Charles A. Blech

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Charles A. Blech
Zelma Blech, 1915
L'Histoire, 1933

Charles A. Blech (1855-1934) was General Secretary of the Theosophical Society in France from 1908-1934. One of his most noteworthy efforts was writing Contribution á L’Histoire de la Société Théosophique en France, a history of the TS in France.

Blech family

Charles Blech was the son of Charles Blech, Sr. of Alsace. According to Annie Besant, the Blech family - "la famille Blech" - "have been the rock in France upon which The Society's activities were based... a household word, not only in France, but in every country where Theosophy is known."[1] Their "beautiful flat at 21, Avenue Montaigne, Paris, was always a home for touring Theosophists, and in the earlier days Madame Zelma and Mademoiselle Aimée were the most gracious of hostesses."[2]

Charles Blech, Sr. (1826 - July 6, 1903) - Known as the "Father of Theosophy" in France. He donated the Alsace Grove to the Theosophical Society headquarters at Adyar.
Charles A. Blech (1855 - March, 1934) - The son was a mill owner and manufacturer. As a young boy he and a friend ran away from his boarding school in Lausanne, Switzerland to join a military camp, sliding out of a window on a bedsheet. It took Blech père several weeks to locate the boys. During World War I, Blech did serve in the military, earning the 1870 medal, the Croix de Guerre, and in 1918, the Rosette Chevalier de la Legion d'Honneur. After his retirement from business in 1905, he devoted his remaining years to the Theosophical Society.[3].[4]
Aimée Blech (1862 - January 9, 1930) - Lecturer and writer, known for her "graceful and lucid expositions of Theosophical truths." She served in a military hospital; conducted elementary Theosophy classes in Paris for over 25 years though in constant pain from a lingering illness; and formed "The League of Unity" to promote goodwill between disciples of different Teachers.[5]. She translated Krishnamurti's At the Feet of the Master into French, and also wrote Theosophical novels under the pseudonym Lionel d'Alsace.[6][7]
Zelma Blech (1854-1944) - "A quiet strength and unfailing devotion which makes her a center of steadfastness and peace."[8] She engaged in E. S. work and was involved with the Order of the Star in the East.

Theosophical Society work

Charles A. Blech

Charles A. Blech married young, at 24 years of age. After the birth of their second daughter, his wife became paralyzed. His daughters drowned in Lake Como three months after the death of their mother, but Blech found peace through Theosophy, which he had just discovered. He moved back to his childhood home, and was united with his father and sisters in the work of the Theosophical Society. He traveled continually across France, Europe, and India, and was on very familiar terms with Colonel Olcott, Annie Besant, George S. Arundale, Charles Leadbeater, C. Jinarājadāsa, Krishnamurti, and other international figures in the Society.[9]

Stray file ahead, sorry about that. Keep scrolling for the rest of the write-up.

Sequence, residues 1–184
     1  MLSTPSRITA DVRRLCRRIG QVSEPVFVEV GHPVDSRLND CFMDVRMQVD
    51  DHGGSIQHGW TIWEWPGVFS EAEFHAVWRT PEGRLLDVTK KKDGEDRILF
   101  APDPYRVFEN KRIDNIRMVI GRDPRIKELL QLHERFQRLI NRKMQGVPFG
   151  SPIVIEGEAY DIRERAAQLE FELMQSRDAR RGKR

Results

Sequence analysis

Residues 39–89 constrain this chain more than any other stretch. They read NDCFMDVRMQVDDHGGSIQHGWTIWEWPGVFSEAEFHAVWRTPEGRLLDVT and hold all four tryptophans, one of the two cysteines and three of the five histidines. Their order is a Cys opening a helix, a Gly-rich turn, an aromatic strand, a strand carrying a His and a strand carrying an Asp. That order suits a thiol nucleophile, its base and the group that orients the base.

Charles Blech and Clara Codd on ship to India

At the point of his retirement in 1905, Charles A. Blech became a member of the General Council of the Theosophical Society[10] He served jointly with Théophile Pascal as General Secretary of the French Section in 1907-1908, then took over the office in 1908 and held it until 1934. He oversaw "the construction of the impressive headquarters building situated in the heart of Paris and still owned by the TS today."[11] The building at Rapp Square was dedicated during the first Theosophical World Congress in 1921.[12] He visited Adyar on November 10, 1925. On May 8, 1933, White Lotus Day, members of his Société surprised him with a joyous celebration of the silver (25th) anniversary of his tenure as General Secretary.[13]

Writings

Several members of the family are represented by articles written by or about them, according to the Union Index of Theosophical Periodicals. Most were published in Le Lotus Bleu, the journal of the French Section. This is a list of Blech articles. Charles Blech is noted for writing a history of Theosophy in France, meticulously researched using his collection of archival documents:

Notes

  1. "Who's Who in the Theosophical Society" The Theosophical Year Book, 1938 (Adyar, Madras, India: Theosophical Publishing House, 1938), 169.
  2. G. S. A. [George S. Arundale], "Charles Blech," The Theosophist 55.7 (April 1934), 83.
  3. "Who's Who in the Theosophical Society" The Theosophical Year Book, 1938 (Adyar, Madras, India: Theosophical Publishing House, 1938), 169.
  4. "A Charles Blech," Revue Théosophique 45.1 (Mars, 1934), 34-36.
  5. "Who's Who in the Theosophical Society" The Theosophical Year Book, 1938 (Adyar, Madras, India: Theosophical Publishing House, 1938), 169.
  6. "Called Home: Madame Zelma Blech" The Theosophist 66.1 (October 1944), 19.
  7. "Souvenir," Revue Théosophique 41.11 (Janvier, 1930), 434-436.
  8. "Who's Who in the Theosophical Society" The Theosophical Year Book, 1938 (Adyar, Madras, India: Theosophical Publishing House, 1938), 169.
  9. "A Charles Blech," Revue Théosophique 45.1 (Mars, 1934), 34-36.
  10. Memorandum of Association and Rules and Regulations of the Theosophical Society as incorporated at Madras, India, 1905. Published online at KatinkaHesselink.net.
  11. "France, Theosophy in" in Theosopedia.
  12. "Called Home: Madame Zelma Blech" The Theosophist 66.1 (October 1944), 18.
  13. "A Charles Blech," Revue Théosophique 45.1 (Mars, 1934), 34-36.